Military historian Ambrose examines the connections between the Indian chief and the cavalry officer who fought at Little Bighorn.
Copyright 1996 Reed Business Information, Inc.
"Movingly told and well written . . . a fine contribution, one that will be read with pleasure and admiration by general reader, student and scholar alike. Ambrose has breathed new life into the familiar facts."--Library Journal
"An epic and accurate retelling of one of our country's most tragic periods."--Baltimore Sun
I found it to be an eye opener, gave me a better understanding of the way things where in those days.Published 8 months ago by Richard Larin
Very interersting book about the blind luck that Custer had in life that failed him in the end. Interesting points about the life style of Native Americans. Read morePublished on April 3 2004 by Jeff Sartain
Wonderful depiction of the parallel lives of two legendary western figures. Loved it from beginning to tragic end.Published on Nov. 5 2003 by tstroeb
Historical writing doesn't get much better than this.
In parallel chapters, Ambrose presents the story of these two warriors, from their births to their final tragic meeting... Read more
I enjoyed Ambrose's approach of following the lives of natural leaders in different cultures. It was interesting the see how each culture, Americans in the late 1800s and American... Read morePublished on Dec 15 2001 by Amazon Customer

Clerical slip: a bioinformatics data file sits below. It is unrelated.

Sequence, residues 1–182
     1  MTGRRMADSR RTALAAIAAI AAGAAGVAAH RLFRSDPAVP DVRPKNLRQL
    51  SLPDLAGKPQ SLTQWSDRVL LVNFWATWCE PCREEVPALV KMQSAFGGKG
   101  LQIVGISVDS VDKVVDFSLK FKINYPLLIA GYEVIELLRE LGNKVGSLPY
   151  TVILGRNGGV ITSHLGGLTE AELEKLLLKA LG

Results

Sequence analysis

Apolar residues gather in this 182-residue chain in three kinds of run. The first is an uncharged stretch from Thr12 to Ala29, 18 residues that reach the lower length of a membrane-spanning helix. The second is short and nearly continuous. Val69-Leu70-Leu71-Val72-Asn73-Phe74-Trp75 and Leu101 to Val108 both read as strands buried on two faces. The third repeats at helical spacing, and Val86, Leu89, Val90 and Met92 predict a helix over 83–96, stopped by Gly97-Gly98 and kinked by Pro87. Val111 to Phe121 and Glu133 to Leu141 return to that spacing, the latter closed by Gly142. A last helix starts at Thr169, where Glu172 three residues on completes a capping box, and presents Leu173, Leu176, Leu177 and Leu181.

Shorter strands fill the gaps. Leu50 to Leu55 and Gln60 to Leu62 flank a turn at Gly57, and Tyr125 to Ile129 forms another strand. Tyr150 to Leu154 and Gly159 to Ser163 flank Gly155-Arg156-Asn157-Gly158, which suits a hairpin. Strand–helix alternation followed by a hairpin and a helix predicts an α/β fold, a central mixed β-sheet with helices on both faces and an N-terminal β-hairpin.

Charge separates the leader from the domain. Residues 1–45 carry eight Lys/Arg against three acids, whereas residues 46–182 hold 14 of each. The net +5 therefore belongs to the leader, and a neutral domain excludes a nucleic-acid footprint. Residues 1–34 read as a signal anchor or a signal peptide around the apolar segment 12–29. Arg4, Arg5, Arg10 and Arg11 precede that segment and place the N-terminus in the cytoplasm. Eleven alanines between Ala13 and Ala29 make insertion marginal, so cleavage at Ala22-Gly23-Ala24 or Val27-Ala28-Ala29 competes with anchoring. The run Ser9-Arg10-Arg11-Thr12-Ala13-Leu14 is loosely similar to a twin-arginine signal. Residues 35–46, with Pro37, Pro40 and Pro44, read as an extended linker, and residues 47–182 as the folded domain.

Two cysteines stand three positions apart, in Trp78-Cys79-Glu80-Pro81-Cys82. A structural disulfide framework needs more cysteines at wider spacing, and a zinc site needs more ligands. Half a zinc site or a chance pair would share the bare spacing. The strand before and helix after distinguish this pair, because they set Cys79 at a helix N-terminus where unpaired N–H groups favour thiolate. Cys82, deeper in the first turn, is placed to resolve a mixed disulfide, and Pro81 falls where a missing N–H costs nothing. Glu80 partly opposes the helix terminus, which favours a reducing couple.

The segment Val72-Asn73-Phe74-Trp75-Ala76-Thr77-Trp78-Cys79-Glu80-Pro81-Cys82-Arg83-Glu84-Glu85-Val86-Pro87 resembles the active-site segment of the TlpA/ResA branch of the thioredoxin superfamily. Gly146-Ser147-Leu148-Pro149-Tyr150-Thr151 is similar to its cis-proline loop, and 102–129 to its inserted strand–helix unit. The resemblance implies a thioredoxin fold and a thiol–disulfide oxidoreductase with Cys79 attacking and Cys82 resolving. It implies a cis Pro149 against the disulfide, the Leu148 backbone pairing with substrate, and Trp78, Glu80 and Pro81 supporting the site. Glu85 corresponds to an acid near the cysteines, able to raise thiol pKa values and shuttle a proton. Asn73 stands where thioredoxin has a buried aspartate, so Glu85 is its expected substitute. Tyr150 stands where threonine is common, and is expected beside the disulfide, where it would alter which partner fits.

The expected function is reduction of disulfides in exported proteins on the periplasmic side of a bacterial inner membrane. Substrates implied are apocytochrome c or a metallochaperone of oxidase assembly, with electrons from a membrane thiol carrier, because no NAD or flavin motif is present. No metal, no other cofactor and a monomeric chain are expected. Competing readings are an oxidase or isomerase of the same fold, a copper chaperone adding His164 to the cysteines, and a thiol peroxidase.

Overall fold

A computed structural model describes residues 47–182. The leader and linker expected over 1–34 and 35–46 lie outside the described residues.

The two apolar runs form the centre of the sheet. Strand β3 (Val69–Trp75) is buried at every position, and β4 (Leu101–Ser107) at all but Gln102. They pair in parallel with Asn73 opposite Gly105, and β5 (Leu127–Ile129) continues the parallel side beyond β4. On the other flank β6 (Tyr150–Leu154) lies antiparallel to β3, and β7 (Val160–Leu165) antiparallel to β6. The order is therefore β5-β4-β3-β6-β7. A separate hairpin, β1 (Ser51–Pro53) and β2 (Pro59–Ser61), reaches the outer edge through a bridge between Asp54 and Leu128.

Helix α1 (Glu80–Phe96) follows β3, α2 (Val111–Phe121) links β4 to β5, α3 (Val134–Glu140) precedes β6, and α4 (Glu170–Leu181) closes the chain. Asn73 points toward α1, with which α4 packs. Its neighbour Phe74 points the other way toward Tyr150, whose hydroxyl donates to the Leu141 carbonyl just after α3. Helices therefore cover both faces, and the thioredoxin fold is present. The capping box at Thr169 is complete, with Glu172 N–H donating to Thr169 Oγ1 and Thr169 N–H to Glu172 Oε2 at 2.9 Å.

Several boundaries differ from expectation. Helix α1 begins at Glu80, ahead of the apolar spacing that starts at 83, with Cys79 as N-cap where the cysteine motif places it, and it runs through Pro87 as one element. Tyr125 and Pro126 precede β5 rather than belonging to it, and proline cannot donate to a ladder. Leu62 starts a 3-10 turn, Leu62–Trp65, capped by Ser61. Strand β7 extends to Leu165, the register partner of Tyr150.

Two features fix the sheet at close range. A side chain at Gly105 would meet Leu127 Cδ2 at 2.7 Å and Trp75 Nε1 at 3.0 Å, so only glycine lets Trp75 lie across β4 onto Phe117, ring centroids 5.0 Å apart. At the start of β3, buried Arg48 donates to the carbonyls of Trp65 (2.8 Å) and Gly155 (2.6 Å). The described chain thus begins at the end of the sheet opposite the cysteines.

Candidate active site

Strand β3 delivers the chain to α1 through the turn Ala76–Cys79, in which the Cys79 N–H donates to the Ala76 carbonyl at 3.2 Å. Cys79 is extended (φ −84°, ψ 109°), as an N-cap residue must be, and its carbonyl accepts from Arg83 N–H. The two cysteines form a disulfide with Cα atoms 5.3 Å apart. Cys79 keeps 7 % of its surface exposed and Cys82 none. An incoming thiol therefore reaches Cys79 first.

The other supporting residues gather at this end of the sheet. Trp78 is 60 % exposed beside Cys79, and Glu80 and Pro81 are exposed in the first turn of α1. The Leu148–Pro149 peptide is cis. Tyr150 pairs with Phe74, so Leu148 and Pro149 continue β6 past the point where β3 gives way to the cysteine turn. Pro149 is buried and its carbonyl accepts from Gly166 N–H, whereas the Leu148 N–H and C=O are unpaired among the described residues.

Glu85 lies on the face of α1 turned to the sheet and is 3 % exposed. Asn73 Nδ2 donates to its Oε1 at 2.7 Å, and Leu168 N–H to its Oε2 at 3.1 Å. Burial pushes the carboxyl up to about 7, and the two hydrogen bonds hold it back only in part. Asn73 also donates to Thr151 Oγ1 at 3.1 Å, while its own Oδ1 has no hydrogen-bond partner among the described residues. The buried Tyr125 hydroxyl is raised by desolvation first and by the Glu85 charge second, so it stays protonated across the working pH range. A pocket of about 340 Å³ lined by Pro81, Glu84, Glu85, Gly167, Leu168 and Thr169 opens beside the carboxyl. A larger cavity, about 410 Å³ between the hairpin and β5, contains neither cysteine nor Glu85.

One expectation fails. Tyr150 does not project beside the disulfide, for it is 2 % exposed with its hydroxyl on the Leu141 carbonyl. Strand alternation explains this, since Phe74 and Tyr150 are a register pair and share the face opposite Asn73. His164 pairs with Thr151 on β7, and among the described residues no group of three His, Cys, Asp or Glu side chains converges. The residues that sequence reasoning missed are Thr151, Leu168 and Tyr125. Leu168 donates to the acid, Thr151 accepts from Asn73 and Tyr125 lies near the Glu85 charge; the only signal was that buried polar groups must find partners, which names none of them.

Crazy Horse and George Custer were leaders. They led by example, they led by acclamation, and they led driven by a desire to shape the future of their people. Read morePublished on Nov. 15 2001 by Terp Allan
Guided by pure facts, spirited by the truth, Stephen Ambrose rises among all other authers with regard to this most important time in our countries history. Read morePublished on April 1 2001 by Steven M Shields
I got this book as a gift and I just finished it recently. I have to say I loved the book...a lot. Before this book, I had absolutely no knowledge of this history and now I find... Read morePublished on Feb. 17 2001 by Norm Zurawski